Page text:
MOLINE -- Republican gubernatorial candidate Bruce Rauner wants to reduce the power of government unions, push a pro-business agenda and prioritize education funding.
Mr. Rauner is the former chairman of GTCR, a major Chicago-based private equity firm and a political neophyte who has poured $3.25 million of his own money into his campaign to become the state's next governor.
He's running in the Republican primary for governor against state treasurer Dan Rutherford and state senators Bill Brady and Kirk Dillard.
Mr. Rauner, who lives in Winnetka, spoke Monday with the editorial board of The Dispatch and The Rock Island Argus. During the interview, he said his wealth would allow him to remain "independent" of the "special interests" such as union leaders that he said have too much power in Springfield.
He also is campaigning to introduce merit-based pay for teachers and wants term limits to be introduced for lawmakers in Illinois. Spending on education should be the state's top priority, he said.
Mr. Rauner said he'd use his experience as a businessman in the world of venture capital to restructure the state's government, parts of which he described as a "cesspool of patronage."
Among his proposals are to push state workers into a defined contribution pension plan similar to the 401ks common in the private sector.
He said he has spent time learning from other Republican governors like Mitch Daniels in Indiana, Scott Walker in Wisconsin and Chris Christie in New Jersey. If elected, he plans to implement some of their ideas into Illinois government, and generally looks to cut spending and outsource state services where possible.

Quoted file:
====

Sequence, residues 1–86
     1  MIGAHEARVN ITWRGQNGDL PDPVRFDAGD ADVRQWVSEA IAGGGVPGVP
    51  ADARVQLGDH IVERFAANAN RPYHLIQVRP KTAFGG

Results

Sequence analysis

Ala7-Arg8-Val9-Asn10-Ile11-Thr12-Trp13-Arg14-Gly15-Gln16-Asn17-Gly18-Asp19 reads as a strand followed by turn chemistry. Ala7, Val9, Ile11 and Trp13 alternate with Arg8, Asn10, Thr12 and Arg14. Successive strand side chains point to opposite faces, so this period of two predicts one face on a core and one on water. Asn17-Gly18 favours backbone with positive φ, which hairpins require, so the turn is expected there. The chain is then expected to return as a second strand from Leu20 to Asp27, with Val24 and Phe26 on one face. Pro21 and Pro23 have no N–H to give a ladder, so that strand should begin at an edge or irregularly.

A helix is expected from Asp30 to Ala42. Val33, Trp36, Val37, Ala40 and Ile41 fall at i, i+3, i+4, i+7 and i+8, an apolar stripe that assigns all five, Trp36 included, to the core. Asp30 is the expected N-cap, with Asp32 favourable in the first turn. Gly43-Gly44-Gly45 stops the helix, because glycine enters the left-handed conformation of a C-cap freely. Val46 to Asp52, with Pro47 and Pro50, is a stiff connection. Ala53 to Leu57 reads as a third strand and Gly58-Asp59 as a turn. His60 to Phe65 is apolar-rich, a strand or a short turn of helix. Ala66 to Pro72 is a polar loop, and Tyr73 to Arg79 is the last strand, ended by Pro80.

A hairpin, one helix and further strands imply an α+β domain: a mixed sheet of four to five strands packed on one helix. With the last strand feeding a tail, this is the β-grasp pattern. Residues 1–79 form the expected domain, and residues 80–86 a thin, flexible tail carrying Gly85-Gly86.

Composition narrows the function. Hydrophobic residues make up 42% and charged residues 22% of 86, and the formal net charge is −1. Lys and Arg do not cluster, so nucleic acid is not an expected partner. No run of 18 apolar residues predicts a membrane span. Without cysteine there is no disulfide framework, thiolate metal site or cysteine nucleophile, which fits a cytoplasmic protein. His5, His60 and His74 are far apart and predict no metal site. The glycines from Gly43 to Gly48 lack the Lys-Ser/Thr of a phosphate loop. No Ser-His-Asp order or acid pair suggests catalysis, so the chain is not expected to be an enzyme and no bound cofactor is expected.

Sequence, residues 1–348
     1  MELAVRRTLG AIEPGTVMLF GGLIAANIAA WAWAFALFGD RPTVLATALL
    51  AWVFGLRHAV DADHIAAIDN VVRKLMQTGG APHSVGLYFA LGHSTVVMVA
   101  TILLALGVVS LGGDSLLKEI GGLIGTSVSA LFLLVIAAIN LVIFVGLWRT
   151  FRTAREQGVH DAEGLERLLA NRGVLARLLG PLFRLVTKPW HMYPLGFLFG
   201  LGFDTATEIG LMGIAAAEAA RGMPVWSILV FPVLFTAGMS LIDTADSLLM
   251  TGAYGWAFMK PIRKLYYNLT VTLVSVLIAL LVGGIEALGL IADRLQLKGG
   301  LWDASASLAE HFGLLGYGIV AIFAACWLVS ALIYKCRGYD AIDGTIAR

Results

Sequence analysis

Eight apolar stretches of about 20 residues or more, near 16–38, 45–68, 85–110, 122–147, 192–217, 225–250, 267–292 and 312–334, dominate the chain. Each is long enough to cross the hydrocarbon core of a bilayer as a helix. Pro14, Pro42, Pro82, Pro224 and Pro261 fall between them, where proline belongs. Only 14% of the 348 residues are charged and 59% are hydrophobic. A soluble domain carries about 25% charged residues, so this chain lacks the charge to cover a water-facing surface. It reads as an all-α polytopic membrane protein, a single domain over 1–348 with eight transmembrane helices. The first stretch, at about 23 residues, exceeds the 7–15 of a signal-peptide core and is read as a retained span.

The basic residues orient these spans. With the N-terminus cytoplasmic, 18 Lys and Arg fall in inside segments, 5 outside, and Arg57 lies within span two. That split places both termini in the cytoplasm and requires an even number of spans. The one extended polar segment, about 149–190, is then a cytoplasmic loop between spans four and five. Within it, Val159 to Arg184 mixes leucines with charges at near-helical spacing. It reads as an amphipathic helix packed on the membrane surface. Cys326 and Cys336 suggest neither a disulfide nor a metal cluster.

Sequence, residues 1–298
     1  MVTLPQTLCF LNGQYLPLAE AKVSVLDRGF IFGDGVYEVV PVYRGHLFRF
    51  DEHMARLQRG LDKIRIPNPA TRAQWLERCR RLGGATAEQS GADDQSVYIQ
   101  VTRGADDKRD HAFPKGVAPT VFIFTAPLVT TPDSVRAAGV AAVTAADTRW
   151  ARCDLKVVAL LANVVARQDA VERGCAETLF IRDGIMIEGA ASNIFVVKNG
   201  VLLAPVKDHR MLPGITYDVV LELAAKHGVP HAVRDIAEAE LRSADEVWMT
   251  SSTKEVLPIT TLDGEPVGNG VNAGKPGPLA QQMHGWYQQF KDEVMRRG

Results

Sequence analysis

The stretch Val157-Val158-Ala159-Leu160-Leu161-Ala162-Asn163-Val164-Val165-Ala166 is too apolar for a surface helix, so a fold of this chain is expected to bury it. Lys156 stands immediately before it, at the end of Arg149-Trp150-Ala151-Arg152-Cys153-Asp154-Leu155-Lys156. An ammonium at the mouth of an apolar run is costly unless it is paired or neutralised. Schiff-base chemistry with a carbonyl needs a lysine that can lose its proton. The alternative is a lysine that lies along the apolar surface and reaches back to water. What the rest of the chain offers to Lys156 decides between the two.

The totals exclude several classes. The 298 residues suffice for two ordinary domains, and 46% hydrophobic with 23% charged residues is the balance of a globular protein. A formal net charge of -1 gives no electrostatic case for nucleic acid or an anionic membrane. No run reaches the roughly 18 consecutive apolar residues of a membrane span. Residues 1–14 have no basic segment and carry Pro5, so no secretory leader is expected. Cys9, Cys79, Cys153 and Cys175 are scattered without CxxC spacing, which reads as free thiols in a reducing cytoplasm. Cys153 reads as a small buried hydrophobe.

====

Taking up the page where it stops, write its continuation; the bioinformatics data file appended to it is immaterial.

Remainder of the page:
Illinois is "hostile to business," Mr. Rauner said. To change that, he promised to cut taxes, loosen regulations and make the state's workers' compensation program less costly to businesses.
"We're just full of red tape, fees, restrictions, hassle, bureaucracy," he said. "We just make running, starting and operating a business a pain in the rear."
Mr. Rauner is well-ahead of his rivals in the Republican primary race, according to a poll taken this month by the Chicago Tribune/WGN-TV. The primary election is March 18.
Gov. Pat Quinn is running for re-election and is expected to beat Chicago activist Tio Hardiman in the Democratic primary.
Today is Wednesday, April 16, the 106th day of 2014. There are 259 days left in the year. 1864 -- 150 years ago: Yesterday some bold thief stole a full bolt of calico from a box in front of Wadsworth's store, where it was on exhibition. 1889 -- 125 years ago: A team belonging to Peter Priese got away from its driver and made a mad run across the Rock Island Bridge. The driver was thrown from his seat but not hurt. 1914 -- 100 years ago: Carlton Taylor was appointed district deputy grand master for the 14th Masonic District of Illinois. 1939 -- 75 years ago: Moline's million dollar municipal airport was dedicated to air transportation and the national defense by Lt. Gov. John Stelle. 1964 -- 50 years ago: THE ARGUS will be election headquarters for Rock Island County tomorrow night, and the public is invited to watch the operation. The closing of the polls at 6 p.m. will mark the start of open house in the newsroom. Visitors will see staff members receiving, tabulating and posting returns. 1989 -- 25 years ago: Few bricks actually tumbled, but no one seemed to mind as about 1,000 people gathered to celebrate the formal start of demolition at the site of a downtown civic center.